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the hearer seems to be surveying many things, all that the speaker said.1 This also is Homer's intention in the passage “ Nireus, again, from Syme . . .,
Nireus son of Aglaia . . .,
Nireus, the most beautiful . . . ;2
” for it is necessary that one of whom much has been said should be often mentioned; if then the name is often mentioned, it seems as if much has been said3; so that, by means of this fallacy, Homer has increased the reputation of Nireus, though he only mentions him in one passage; he has perpetuated his memory, though he never speaks of him again.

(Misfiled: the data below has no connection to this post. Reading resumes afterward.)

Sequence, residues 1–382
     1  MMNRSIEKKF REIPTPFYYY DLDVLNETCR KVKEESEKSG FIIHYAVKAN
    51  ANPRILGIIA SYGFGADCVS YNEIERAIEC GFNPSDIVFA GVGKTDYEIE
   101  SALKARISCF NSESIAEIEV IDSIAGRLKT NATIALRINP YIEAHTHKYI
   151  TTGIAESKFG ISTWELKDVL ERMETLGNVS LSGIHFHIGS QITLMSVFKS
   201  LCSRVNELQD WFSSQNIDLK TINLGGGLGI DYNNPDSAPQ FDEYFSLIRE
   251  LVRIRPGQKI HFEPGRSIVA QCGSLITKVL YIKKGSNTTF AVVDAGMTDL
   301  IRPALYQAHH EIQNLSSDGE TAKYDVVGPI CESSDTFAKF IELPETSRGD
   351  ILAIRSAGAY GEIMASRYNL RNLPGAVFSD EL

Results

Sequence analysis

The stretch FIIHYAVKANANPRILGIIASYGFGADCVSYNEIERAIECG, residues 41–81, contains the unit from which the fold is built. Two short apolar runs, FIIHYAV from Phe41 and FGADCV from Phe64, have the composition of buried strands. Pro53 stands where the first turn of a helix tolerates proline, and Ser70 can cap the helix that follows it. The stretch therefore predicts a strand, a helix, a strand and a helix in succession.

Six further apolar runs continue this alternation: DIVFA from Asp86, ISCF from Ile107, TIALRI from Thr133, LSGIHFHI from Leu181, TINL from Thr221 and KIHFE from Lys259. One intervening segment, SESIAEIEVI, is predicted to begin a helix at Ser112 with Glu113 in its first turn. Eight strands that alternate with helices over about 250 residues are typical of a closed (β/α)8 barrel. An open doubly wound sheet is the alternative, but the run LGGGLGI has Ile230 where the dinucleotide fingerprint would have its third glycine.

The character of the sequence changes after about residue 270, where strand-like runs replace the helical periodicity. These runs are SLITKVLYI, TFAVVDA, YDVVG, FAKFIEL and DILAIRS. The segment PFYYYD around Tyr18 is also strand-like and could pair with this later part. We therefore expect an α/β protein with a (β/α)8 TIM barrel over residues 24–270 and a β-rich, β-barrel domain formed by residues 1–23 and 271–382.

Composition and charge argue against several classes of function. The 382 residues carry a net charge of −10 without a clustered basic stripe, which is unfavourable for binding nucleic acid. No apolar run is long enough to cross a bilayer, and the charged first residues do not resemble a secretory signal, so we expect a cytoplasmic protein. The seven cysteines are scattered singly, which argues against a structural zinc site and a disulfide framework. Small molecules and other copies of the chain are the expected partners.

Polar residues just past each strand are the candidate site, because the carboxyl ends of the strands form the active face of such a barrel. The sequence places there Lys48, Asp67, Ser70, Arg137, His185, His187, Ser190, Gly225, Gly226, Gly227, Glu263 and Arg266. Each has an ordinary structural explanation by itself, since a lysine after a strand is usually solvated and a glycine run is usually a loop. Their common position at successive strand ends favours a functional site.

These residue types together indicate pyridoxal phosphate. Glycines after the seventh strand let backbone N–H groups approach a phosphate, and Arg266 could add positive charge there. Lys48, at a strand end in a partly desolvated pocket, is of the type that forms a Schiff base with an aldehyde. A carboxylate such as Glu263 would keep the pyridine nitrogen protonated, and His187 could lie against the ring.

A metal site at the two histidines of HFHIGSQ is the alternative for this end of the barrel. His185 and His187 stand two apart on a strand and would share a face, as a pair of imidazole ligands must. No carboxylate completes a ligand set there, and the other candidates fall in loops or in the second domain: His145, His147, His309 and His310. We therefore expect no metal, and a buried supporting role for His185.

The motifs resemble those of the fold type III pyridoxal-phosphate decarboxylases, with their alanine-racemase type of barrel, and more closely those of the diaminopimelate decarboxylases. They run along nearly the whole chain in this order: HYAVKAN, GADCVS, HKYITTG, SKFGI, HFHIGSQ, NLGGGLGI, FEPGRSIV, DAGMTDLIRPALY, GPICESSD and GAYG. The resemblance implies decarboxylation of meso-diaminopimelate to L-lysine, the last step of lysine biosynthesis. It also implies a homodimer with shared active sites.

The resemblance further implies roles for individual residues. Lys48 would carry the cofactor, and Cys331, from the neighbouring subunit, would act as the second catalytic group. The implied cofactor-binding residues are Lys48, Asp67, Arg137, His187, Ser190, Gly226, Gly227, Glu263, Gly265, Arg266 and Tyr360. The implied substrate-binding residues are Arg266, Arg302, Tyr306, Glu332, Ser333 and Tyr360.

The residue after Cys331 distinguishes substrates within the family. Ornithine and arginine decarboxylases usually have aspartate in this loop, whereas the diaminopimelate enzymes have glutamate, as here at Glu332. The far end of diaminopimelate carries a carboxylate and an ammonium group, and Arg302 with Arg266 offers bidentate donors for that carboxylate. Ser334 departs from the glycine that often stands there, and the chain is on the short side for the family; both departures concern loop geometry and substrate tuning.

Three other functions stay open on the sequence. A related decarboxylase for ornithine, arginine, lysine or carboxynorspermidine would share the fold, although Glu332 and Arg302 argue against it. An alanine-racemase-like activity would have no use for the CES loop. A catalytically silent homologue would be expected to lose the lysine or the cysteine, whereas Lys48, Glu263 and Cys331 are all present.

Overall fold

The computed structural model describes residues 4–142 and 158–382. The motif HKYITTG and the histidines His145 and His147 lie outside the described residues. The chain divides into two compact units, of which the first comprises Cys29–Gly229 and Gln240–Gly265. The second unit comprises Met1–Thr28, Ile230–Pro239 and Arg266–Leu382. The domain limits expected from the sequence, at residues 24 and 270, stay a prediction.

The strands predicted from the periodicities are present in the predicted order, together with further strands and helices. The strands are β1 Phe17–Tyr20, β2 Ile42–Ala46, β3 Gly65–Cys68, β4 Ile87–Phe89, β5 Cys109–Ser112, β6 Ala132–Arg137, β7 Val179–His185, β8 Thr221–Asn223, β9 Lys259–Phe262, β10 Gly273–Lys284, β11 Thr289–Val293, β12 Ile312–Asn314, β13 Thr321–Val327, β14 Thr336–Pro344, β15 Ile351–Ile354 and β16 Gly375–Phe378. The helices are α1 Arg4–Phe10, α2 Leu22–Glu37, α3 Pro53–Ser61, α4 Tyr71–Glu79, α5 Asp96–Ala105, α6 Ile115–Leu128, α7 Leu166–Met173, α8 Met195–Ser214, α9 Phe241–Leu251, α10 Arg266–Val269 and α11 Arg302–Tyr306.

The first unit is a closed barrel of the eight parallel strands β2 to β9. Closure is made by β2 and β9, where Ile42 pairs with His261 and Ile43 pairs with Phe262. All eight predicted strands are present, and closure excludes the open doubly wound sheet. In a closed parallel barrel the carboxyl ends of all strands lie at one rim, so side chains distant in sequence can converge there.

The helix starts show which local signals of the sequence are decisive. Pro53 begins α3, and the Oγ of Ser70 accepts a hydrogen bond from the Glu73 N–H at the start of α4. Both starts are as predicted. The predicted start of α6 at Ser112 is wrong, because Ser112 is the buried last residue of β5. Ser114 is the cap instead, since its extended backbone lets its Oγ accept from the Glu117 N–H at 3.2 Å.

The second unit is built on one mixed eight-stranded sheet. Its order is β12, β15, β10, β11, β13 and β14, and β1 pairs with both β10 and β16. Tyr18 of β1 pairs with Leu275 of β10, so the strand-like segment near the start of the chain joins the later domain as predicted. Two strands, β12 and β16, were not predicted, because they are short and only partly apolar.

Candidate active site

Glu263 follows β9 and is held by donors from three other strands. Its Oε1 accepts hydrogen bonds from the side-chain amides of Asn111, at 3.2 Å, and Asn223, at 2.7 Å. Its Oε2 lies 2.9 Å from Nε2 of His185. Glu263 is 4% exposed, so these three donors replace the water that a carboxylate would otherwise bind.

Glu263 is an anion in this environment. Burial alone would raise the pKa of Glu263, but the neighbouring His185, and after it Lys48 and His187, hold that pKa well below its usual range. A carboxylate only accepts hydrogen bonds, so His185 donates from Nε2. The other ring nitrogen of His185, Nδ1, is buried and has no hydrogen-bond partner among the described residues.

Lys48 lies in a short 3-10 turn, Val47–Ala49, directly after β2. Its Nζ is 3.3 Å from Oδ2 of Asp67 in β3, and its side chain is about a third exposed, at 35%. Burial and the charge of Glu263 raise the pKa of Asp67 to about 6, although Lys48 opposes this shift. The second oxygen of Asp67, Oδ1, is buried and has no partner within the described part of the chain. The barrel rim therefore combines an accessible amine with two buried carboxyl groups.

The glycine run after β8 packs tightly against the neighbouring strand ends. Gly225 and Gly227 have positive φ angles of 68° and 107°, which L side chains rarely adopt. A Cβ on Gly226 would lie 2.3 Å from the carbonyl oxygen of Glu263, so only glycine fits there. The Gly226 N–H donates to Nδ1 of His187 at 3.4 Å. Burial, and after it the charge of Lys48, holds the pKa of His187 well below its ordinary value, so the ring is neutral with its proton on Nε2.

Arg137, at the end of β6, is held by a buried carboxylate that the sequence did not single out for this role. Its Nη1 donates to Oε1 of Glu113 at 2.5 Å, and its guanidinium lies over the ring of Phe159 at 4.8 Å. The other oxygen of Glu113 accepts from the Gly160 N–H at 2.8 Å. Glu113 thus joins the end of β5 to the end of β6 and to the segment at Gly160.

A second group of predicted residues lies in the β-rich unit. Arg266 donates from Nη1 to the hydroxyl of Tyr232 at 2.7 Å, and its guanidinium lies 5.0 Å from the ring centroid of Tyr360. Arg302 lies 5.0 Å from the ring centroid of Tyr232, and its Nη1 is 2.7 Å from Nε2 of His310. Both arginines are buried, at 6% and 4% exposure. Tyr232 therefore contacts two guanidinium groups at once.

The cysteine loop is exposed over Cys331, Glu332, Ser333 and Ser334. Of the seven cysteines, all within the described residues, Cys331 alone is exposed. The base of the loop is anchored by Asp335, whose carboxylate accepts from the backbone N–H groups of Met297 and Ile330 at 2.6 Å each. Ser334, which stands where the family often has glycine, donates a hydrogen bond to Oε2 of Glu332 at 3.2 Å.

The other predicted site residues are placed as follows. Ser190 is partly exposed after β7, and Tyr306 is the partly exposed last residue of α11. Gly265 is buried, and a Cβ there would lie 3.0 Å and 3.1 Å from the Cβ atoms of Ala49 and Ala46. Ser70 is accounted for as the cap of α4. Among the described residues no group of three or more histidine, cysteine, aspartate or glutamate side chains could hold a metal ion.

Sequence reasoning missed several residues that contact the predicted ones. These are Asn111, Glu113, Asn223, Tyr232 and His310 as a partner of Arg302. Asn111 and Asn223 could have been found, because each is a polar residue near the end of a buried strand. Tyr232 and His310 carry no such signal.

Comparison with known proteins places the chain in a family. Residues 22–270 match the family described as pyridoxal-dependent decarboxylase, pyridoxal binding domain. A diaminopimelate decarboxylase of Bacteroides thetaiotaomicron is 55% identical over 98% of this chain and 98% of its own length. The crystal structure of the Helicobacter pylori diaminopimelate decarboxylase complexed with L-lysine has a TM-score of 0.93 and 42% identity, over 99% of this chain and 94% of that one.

1 Spengel's reading here is: πολλὰ δοκεῖ: “ὑπερεῖδεν ὅσα εἶπον,” πολλὰ δοκεῖ being parenthetical, and ὑπερεῖδον ὅσα εἶπον part of the quotation. Jebb translates: “I came, I spoke to him, I besought” （these seem many things）; “he disregarded all I said” （which certainly gives a more natural sense to ὑπερεῖδον）.
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